The California Latino Legislative Caucus signaled it will focus on legislation to help food vendors, undocumented students and low-income families when members outlined their legislative priorities in a Wednesday press conference in Sacramento that was also live-streamed.
“This package of bills aims to address issues that our communities feel every day – economic inequity, environmental injustices, inadequate healthcare, and the rights to immigrants, to name a few,” said state Sen. María Elena Durazo, the caucus chair.
“Our mission is to put these inequities front and center and to fight for policies that will create better outcomes for all Californians.”
The caucus, which boasts 29 members (of which 17 are Latinas) in the state Senate and Assembly, identified 20 bills for this legislative session.
“Our priority legislation reaffirms our caucus’ commitment to challenging inequity and uplifting our most underserved,” said caucus vice-chair, Assemblymember Robert Rivas, D-Salinas. “While other states are making it harder for Latinos to vote, banning Latino and other history in schools, and demonizing our immigrant neighbors, our bills reflect California’s diversity and equity values.”
Durazo said Gov. Gavin Newsom will be notified of the caucus’ priority bills “so he knows what the Latino legislators in this state need for our community.” The proposals range from helping street vendors to limiting law enforcement cooperation with federal immigration officials when undocumented criminals are released.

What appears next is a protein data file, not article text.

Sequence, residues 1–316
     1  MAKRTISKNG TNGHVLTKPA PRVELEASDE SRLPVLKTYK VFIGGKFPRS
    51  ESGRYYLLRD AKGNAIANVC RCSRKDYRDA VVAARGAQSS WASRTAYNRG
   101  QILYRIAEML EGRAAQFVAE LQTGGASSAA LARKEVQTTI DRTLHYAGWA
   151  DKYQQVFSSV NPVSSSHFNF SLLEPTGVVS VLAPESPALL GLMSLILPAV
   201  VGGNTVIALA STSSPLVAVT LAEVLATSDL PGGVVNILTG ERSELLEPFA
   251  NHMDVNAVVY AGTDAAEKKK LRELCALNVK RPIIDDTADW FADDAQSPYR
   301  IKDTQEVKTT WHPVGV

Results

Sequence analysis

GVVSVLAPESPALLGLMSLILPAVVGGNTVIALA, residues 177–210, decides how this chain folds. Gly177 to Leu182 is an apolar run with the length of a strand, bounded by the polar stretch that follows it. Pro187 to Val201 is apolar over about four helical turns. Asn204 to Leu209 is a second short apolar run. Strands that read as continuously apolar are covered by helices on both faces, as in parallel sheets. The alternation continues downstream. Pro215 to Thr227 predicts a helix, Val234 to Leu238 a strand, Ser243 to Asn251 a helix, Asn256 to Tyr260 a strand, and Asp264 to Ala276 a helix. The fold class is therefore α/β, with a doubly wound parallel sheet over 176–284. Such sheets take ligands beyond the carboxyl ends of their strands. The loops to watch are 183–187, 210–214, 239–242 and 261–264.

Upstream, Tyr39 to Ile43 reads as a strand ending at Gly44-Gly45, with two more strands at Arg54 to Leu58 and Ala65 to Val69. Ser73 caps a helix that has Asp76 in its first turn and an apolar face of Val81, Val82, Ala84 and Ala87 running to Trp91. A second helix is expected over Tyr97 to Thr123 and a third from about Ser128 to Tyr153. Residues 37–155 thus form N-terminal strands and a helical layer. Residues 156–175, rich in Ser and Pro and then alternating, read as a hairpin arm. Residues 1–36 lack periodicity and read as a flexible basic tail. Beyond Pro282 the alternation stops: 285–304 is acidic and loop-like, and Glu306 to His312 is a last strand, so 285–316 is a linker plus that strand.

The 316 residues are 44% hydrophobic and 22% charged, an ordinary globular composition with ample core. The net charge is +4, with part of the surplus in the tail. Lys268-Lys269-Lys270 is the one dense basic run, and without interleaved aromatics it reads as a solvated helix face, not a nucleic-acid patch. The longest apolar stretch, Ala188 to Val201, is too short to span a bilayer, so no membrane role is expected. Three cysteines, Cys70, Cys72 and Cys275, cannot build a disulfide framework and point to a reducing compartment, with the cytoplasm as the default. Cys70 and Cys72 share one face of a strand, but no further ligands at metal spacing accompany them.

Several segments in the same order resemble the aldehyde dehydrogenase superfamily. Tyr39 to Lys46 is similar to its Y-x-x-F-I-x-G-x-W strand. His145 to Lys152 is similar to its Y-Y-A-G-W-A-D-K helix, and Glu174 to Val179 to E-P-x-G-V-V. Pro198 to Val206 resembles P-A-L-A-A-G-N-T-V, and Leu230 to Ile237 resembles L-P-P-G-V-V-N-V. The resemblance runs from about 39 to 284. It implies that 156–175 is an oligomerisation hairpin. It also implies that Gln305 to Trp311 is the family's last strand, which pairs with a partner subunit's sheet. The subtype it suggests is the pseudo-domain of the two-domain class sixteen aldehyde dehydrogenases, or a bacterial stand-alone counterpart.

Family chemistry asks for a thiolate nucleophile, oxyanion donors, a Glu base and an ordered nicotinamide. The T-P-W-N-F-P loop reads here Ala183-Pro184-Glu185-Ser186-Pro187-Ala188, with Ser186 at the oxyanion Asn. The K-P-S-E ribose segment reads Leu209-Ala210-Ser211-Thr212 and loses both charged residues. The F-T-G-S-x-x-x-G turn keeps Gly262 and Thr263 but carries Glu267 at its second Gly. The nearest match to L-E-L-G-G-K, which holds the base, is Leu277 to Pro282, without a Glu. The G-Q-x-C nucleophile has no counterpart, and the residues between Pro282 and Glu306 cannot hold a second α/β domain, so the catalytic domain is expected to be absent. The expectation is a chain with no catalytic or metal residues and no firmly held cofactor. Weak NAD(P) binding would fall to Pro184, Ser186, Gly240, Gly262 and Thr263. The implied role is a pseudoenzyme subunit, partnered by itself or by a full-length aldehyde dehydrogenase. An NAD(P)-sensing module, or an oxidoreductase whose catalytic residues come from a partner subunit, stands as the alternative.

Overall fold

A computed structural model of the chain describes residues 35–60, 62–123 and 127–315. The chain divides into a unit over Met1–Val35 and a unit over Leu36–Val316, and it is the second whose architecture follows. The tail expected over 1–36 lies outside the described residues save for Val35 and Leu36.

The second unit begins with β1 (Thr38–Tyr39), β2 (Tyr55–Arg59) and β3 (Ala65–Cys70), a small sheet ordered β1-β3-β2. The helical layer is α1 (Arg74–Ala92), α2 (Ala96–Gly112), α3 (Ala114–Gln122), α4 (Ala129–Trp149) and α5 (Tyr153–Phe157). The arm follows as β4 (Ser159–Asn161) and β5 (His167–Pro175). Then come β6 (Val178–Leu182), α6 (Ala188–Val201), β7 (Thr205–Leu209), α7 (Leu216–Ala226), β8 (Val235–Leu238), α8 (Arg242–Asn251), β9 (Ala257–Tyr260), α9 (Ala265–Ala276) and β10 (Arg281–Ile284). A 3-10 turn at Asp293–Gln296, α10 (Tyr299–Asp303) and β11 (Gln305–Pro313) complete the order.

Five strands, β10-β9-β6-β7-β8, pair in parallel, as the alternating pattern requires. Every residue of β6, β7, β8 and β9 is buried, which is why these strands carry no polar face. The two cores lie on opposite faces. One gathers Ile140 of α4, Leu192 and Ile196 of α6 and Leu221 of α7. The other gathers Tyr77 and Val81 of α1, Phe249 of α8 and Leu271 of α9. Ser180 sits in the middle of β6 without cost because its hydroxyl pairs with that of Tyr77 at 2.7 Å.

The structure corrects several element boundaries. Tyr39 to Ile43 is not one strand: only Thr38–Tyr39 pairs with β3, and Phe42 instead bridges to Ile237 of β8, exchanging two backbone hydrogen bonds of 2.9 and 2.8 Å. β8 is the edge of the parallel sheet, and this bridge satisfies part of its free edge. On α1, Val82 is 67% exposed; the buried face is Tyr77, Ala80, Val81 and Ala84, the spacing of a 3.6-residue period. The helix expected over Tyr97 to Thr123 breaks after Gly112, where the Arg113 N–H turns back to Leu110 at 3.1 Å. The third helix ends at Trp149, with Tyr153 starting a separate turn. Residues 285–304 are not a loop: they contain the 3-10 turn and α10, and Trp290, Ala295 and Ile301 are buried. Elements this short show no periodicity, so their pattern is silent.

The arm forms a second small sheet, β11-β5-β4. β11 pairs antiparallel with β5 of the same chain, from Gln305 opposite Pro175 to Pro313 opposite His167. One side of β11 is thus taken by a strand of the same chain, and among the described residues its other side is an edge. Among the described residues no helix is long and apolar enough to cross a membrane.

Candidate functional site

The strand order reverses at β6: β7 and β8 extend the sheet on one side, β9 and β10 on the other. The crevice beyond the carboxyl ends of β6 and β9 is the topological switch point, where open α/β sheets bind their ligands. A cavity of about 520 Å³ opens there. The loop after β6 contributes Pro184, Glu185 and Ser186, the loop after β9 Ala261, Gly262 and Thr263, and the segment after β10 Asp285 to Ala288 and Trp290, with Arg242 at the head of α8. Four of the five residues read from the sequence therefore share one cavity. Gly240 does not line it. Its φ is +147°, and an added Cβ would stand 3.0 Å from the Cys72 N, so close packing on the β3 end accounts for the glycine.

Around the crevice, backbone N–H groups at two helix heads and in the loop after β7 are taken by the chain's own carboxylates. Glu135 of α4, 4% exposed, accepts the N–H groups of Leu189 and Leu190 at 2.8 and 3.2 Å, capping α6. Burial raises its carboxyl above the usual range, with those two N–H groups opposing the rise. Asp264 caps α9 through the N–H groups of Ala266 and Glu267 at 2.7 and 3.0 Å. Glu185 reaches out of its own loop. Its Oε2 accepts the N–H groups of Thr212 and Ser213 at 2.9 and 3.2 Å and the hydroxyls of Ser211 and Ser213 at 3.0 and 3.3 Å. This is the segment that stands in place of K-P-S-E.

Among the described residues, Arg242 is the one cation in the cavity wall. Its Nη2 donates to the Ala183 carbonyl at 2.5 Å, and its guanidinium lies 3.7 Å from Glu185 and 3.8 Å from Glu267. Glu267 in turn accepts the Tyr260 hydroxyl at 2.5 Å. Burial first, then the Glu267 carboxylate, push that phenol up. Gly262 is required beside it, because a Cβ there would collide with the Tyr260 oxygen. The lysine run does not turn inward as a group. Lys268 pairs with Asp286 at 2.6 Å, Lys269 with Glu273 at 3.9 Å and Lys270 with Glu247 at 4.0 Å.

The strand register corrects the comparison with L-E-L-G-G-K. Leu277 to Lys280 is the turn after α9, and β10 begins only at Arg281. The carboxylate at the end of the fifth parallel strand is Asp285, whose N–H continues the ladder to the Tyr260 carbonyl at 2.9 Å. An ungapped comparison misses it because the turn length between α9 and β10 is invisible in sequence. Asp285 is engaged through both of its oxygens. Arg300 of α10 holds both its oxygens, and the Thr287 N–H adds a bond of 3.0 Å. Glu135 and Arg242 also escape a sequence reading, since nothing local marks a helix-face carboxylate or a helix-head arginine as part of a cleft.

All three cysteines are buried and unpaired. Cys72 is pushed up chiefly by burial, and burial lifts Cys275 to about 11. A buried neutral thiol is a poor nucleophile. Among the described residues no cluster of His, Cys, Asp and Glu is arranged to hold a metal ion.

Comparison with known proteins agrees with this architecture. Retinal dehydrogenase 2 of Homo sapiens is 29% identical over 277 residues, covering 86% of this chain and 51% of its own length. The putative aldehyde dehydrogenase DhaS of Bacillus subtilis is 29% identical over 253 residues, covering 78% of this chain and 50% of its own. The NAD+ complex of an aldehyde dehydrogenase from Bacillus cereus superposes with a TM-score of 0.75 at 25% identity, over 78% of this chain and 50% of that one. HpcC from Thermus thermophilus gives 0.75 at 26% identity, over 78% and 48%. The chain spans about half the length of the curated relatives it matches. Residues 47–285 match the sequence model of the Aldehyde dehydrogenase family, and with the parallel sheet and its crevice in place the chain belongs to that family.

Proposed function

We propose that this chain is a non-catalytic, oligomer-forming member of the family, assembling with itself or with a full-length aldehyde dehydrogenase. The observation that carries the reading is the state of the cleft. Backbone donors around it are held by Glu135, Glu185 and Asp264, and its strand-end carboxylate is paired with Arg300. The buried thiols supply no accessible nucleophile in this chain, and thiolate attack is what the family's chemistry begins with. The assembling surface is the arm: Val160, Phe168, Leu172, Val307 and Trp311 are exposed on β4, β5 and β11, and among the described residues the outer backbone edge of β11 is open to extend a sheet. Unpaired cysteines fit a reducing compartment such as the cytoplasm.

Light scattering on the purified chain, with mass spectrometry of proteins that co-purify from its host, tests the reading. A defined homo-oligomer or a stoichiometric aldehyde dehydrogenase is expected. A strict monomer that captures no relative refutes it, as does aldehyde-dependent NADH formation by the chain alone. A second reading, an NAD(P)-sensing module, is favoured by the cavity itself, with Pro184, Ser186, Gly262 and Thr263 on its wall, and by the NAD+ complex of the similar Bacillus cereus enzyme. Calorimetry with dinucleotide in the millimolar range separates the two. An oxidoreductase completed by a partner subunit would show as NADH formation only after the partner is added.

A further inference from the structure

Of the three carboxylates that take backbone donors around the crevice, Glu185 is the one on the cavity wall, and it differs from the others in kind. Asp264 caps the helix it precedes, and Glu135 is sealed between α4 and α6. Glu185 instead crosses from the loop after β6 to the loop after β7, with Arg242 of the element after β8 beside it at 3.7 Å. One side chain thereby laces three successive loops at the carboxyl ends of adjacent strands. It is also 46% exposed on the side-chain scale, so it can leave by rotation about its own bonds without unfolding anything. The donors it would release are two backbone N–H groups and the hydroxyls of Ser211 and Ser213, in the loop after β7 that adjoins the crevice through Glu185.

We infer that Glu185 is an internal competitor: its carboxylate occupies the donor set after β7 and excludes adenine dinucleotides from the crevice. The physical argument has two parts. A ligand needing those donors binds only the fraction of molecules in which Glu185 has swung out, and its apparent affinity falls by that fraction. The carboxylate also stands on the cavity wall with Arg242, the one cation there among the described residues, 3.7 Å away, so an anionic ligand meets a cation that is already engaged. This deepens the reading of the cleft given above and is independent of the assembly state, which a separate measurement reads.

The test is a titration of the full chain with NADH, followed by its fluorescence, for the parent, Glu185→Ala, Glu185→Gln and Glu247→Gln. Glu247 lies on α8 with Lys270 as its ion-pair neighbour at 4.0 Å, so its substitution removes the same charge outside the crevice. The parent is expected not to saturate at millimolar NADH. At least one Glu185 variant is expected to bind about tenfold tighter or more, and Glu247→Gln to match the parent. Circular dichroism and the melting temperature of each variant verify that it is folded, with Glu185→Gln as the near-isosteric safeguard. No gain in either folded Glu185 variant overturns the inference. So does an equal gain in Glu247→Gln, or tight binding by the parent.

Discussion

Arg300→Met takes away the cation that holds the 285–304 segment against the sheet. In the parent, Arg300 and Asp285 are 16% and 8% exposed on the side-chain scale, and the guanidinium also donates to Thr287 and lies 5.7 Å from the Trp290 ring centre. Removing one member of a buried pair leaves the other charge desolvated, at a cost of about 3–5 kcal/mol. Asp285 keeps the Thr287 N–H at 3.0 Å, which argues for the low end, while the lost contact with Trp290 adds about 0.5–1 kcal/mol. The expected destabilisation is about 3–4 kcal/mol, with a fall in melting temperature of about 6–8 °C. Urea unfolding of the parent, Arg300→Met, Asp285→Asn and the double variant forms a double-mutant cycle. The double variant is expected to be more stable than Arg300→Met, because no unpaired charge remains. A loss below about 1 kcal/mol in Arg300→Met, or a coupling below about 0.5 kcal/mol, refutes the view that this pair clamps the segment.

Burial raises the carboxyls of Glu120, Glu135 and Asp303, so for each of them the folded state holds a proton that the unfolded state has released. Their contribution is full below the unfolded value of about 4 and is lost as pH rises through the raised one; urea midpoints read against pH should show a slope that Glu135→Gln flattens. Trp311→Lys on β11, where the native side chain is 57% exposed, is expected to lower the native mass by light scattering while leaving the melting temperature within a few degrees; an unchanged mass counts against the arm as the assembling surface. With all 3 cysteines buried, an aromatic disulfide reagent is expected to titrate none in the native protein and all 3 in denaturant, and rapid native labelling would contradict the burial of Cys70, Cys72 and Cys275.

LEGISLATORS EXPLAIN THEIR BILLS
AB 2750 by Assemblymember Nia Bonta, D-Oakland, would direct the state Department of Technology to “create a state digital equity plan to identify barriers to digital equity faced by covered populations; and, document and promote digital equity among covered populations.”
“This is no more felt than during the COVID-19 pandemic, which highlighted the need for closing the digital equity gap,” said Bonta, “because many students and people were unable to access their ongoing digital instruction or not able to access the health care they needed.”
SB 860 by state Sen. Susan Rubio would extend the Young Child Tax Credit eligibility to households with no earned income including unpaid caregivers with children 6 years and younger. The tax credit would be extended to those with no income and to undocoumented residents.
“I want to note that the undocumented population contributes approximately $3.2 billion annually in taxes, and they deserve to be taken care of,” said Rubio.
AB 288 by Assemblymember Lisa Calderón, D-Whittier, would prohibit colleges/universities from subtracting the amount of private scholarships from financial aid awards to students who are eligible for a federal Pell Grant and/or California Dream Act financial aid.
“Every single dollar” from private groups should go toward students,” said Bonta.
AB 1730 by Assemblymember James Ramos would encourage school districts, county offices of education and charter schools to form Indian Education Task Forces with local tribes.